So much for turnaround Tuesday.
While the second session of the week has a habit of reversing a strong direction on the first, Chicago traders say, this time futures managed to keep heading the same way, upwards.
This as investors digested two sets of important data, and anticipated a third.
Overnight bought, as usual, the weekly US Department of Agriculture crop progress report, which actually didn't appear to offer that much in the way of a lead.
Yes, the US soybean condition rating edged higher 1 point also to 60% good or excellent, rather than holding steady as investors had forecast.
But the corn figure dropped by 1 point to 60% rated "good" or "excellent", rather than staying flat as traders had expected, a decline reflecting in part a 5-point decline in the figure for Illinois, the second biggest producing state.
"The Illinois slide looks a little odd, and may prove supportive in the night trade," said Benson Quinn Commodities.
Certainly, Chicago corn futures for December added 0.5% to $3.88 ½ a bushel as of 09:45 UK time (03:45 Chicago time).
However, that also seemed to be down to the data underlining the weaker condition of the US crop this year, ahead of Thursday's USDA Wasde world crop supply and demand briefing, a key event of the grain trader's calendar, which is expected to cut the forecast for the US corn yield this year.
"The crop condition is no disaster but it is materially poorer than normal," said Tobin Gorey at Commonwealth Bank of Australia.
The three-year average rating is 72% good or excellent.
"The survey will bolster analyst's confidence that yields will be sub-par in 2017."
But how much lower?
The market forecast is that Thursday's Wasde will show a figure of 166.2 bushels per acre, below the current estimate of 170.7 bushels per acre.
Still, that consensus forecast disguises a fairly wide range of expectations, from 162.8-168.5 bushels per acre.
And there is always the prospect of further downgrades ahead.
Terry Reilly at Futures International said that "based on the decline in Illinois corn by 5 points for good or excellent, there is a good chance the USDA September [Wasde] yield figure could end up below what they report this Thursday".
Still, investors have been talking of only a small drop in the USDA yield figure in the Wasde, of 0.5 bushels per acre to 47.5 bushels per acre, suggesting prices are prone to upward move if the figure ends up below that.
And the other piece of overnight data, on Chinese imports for July, was firmly supportive for the oilseed, coming in at a record 10.08m tonnes, up 30% year on year, and 31% from the 7.69m tonnes imported in June.
The strength of the figure looks in part down to a cut in VAT on soybean imports from the start of July, which would have incentivised importers to delay purchases until then.
Nonetheless, the data, combined with data imports in the likes of steel and oil, was viewed as underlining strength in China's appetite for raw materials.
"China's imports of commodities for July came in better than expected, with the normal seasonal downturn seemingly delayed for another month," Australia & New Zealand Bank said.
"Of the major commodities, only coal has failed to record strong year-to-date growth rates in imports.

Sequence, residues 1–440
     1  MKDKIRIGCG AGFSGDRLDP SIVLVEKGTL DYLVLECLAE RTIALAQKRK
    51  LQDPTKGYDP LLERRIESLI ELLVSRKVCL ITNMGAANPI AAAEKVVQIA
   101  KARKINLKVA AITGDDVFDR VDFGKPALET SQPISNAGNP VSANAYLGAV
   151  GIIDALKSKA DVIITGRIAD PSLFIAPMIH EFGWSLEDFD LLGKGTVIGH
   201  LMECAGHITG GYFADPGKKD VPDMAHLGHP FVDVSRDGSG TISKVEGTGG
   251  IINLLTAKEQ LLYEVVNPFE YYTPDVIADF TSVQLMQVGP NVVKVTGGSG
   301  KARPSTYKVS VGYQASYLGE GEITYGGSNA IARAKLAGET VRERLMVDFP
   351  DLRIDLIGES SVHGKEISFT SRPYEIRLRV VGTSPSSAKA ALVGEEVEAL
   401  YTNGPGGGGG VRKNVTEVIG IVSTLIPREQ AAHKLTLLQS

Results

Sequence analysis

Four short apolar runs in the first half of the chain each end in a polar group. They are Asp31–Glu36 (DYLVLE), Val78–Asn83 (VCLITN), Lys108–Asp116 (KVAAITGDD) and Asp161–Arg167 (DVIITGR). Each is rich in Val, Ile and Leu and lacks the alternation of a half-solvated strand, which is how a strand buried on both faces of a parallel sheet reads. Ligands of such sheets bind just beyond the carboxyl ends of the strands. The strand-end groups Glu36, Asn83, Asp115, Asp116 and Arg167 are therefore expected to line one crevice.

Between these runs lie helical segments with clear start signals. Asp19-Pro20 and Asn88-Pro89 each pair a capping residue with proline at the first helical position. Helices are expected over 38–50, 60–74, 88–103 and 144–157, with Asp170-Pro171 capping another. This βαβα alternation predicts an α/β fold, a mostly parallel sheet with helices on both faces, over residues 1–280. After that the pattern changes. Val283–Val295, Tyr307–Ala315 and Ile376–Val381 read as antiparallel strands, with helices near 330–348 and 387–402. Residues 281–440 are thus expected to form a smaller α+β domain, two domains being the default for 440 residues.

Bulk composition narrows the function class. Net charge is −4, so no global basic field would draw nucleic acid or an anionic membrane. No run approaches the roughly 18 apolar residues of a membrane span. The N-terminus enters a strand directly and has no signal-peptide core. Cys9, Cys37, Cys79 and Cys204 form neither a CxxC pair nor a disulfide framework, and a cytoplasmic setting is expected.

"This supports our view that the outlook for China's demand for commodities remains broadly positive."
The data continue "a run of better-than-expected data which should be taken positively by the market", the bank added.
Investors anyway expect an increase in the Wasde in the USDA's estimate for US soybean exports this season (which ends this month), given a faster-than-expected pace.
Data on Monday coming in at 25.2m bushels, above expectations, suggested that "soybean exports could exceed USDA's current export projection of 2.10bn bushels" for 2016-17, Futures International's Terry Reilly said.
"Only 19.2m bushels per week are needed to reach USDA's projection from now" until the end of the season.
Soybean futures for November added 0.8% to $9.77 ¾ a bushel, crossing back above their 40-day moving average.
Benson Quinn Commodities noted that "the winter wheat markets haven't had much interest in trading near the $4.50-a-bushel level.
"The winter wheat markets had been oversold, but are quietly correcting that issue."
The gain also grabbed back a bit of ground versus Minneapolis-traded spring wheat, which has outperformed on drought damage to the US crop.
In Thursday's Wasde, the "most important wheat number will be the USDA's updated take on US hard red spring wheat production, with trade looking for a 33m bushel cut to 393m bushels" in the harvest, Richard Feltes at Chicago-based RJ O'Brien said.
In fact, the US spring wheat rating improved 1 point week on week, albeit to a still-poor 32% good or excellent.
But it is not only the US crop under the microscope, with Benson Quinn Commodities noting that the relatively warm, relatively dry conditions in western Canada are limiting the production potential of that crop.
"It's by no means a failure, but the crop isn't going to measure up very well against production of the prior year."
Minneapolis wheat for September actually added 0.6% to $7.30 ½ a bushel, with the better-traded December lot up 0.5% at $7.43 a bushel.
By Mike Verdin